The government also introduced Mr. Barbee's "tally sheets" for September 17 and 18. From these slips of paper, Barbee derived the figures to enter on his calendar. These tally sheets contained codes identifying the seventeen numbers runners. Next to the codes, Barbee entered the amount collected by each runner less his twenty-five percent commission.*fn10 The tally sheets also contained the winning numbers for each day,*fn11 as well as the amount of each winning bet and how much the bet paid off.*fn12

The State Police also seized several papers from Walker's residence. Comparing these papers with those taken from Barbee shows that Walker was involved with four of the seventeen coded runners reflected in Barbee's records for September 17 and September 18, 1974. On one handwritten slip, the number "594" was written across the top. Barbee's tally sheets and calendar show that this was the winning number for September 17. Below the winning number, four other numbers were written. These numbers correspond with the amounts Barbee recorded as collected by four numbers runners on September 17.*fn13 On another handwritten slip seized at Walker's home, the winning number for September 18 was written. Walker's records for September 18 also tally with Barbee's records for that date in showing the collections of four of the seventeen numbers runners, as well as their payoffs to winners.*fn14 Comparing Walker's with Barbee's records makes clear that Walker was involved with the same four numbers runners on both September 17 and September 18.

Thus, both sets of records show a connection for two days in September between Walker and four of the seventeen numbers writers of whom Barbee kept track. The two sets of records tie Walker to Barbee's calendar only for September 17 and September 18, 1974. The records show no evidence of participation by Walker in the gambling activities for any period except these two days. The Tax Court, however, upheld the Commissioner's assessment against Walker for the total income reflected in Barbee's calendars from the beginning of 1973 through the time of the search in September, 1974.*fn15

II.

Although there is sufficient evidence that Walker was involved to some extent in the numbers operation on September 17 and September 18, 1974,*fn16 the Commissioner has failed to make a minimal evidentiary showing of Walker's involvement before those two days. Under Gerardo and DeCavalcante, the Commissioner is not entitled to the presumption of the correctness of the assessment for the period beginning January 1, 1973 and ending September 16, 1974.

This Court's holding in Gerardo controls. In that case, the Internal Revenue Service conducted an undercover investigation of an illegal lottery between August 5, 1966 and February 3, 1967. The investigation culminated in raids in early February, 1967 in which daily tally sheets were seized. Gerardo was subsequently convicted in New Jersey state court for conspiracy to operate a lottery between August, 1966 and February, 1967.*fn17 The Commissioner assessed deficiencies based on Gerardo's unreported income from April 4, 1966, four months before the commencement of the investigation, through February 3, 1967. There was only one reference in the Tax Court record to support the assessment from April 4 to August 5. On April 4, 1966 New Jersey prosecutors raided a residence in the Newark area and a large volume of betting slips were seized. Most of the codes on the slips taken in the April 4 raid matched those taken in the raids in February, 1967. In addition, several individuals arrested as a result of the April 4 search were observed to be part of the IRS investigation which resulted in Gerardo's conviction. The Court held that, although the August 4, 1966 to February 3, 1967 assessment was supported by sufficient evidence, the Commissioner had failed to produce the minimal predicate evidence necessary to raise the presumption of correctness as to the assessment before August 5, 1966. The Court determined that the identity of codes on the two sets of gambling records was insufficient evidence to link Gerardo to an illegal gambling enterprise before August 5, 1966:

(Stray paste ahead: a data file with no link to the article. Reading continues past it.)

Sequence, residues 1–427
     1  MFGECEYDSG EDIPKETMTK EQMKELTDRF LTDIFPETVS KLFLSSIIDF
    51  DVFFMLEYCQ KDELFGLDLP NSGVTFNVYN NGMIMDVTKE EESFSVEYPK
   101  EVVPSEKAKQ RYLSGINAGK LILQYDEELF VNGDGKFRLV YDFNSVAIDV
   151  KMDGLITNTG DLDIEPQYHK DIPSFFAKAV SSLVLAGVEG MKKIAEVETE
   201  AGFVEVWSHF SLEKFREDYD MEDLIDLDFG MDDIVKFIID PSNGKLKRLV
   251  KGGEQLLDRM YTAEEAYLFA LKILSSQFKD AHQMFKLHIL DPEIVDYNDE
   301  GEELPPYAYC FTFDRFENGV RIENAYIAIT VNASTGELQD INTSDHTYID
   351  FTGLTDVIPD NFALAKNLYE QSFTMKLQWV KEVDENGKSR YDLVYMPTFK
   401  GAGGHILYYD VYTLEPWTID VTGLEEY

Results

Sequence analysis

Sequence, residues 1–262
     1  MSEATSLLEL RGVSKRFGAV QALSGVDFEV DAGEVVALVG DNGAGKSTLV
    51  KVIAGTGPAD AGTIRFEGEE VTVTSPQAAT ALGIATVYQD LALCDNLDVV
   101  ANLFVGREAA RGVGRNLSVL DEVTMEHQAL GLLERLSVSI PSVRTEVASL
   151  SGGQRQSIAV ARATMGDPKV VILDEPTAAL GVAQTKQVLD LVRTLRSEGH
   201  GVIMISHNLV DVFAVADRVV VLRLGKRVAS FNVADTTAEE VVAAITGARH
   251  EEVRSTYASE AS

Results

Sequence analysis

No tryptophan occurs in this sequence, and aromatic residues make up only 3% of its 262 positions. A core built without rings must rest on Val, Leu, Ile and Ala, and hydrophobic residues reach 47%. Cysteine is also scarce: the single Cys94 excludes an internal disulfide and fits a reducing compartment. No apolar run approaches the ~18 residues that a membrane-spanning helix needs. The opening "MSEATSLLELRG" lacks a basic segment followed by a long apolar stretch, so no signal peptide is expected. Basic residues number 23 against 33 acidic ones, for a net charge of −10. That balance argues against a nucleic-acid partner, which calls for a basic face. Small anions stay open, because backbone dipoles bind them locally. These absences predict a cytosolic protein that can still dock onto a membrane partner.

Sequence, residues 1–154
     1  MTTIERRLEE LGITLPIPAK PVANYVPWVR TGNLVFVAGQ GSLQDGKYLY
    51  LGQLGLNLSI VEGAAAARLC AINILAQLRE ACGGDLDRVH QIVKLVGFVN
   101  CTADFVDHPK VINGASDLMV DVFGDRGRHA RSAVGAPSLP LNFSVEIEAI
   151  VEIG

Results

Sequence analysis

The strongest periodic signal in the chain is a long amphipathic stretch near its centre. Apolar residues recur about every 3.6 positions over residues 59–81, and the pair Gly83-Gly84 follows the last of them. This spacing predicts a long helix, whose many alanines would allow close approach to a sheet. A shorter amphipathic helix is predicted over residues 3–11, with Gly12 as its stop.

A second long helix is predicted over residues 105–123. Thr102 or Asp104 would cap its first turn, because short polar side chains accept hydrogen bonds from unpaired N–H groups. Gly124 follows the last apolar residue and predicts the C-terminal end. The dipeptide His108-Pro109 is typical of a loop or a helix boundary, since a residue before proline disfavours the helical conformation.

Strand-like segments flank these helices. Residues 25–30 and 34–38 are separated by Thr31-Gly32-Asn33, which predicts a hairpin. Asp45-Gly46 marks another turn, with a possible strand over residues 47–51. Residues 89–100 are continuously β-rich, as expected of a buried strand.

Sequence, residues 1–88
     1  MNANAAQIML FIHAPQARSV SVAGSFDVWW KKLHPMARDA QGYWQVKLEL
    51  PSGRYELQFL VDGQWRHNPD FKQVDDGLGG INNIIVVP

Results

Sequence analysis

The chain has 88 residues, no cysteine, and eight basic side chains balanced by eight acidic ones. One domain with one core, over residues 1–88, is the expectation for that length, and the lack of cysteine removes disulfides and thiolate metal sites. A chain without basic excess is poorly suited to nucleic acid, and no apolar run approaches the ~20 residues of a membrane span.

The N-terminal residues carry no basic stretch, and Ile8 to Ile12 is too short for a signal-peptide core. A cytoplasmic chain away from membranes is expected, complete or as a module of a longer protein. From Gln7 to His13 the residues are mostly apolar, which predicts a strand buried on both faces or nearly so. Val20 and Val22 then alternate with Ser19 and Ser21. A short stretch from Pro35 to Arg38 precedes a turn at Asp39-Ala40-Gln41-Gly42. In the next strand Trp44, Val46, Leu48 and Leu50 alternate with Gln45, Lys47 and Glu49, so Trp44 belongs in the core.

The raid conducted by the prosecutor's office of Essex County on April 4, 1966 disclosed no link to Gerardo nor did it reveal his participation in the lottery. Gerardo was not observed at that time, and no other investigation which implicated Gerardo took place between April 4 and August 5. The codes on the April 4 betting slips, even though identical to those on the February 3 betting slips, do not, without more, identify Gerardo's involvement. . . . . Even if we were to accept the Commissioner's assertion that the lottery observed by the IRS in August, 1966 was the same lottery as that being conducted in April, 1966, the evidence in the Tax Court of Gerardo's gambling operations, was limited to the period from August 5, 1966 through February 3, 1967. We are obliged to conclude therefore that, absent proof in the record that Gerardo was involved in gambling activities from April 4, 1966 through August 5, 1966, no court could properly draw an inference of such involvement.